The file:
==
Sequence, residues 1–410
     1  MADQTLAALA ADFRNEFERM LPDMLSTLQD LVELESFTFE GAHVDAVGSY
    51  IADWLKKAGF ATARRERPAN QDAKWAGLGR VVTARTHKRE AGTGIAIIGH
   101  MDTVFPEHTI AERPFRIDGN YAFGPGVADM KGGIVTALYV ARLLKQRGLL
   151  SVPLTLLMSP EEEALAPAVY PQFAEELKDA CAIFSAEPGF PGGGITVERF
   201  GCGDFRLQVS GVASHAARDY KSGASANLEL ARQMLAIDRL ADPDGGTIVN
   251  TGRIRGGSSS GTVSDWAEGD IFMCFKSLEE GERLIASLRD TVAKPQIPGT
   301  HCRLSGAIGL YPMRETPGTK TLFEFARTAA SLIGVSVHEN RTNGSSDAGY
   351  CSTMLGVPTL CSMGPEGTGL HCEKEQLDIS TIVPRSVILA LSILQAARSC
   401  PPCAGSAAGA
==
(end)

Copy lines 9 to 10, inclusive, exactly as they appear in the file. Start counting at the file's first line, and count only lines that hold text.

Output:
   351  CSTMLGVPTL CSMGPEGTGL HCEKEQLDIS TIVPRSVILA LSILQAARSC
   401  PPCAGSAAGA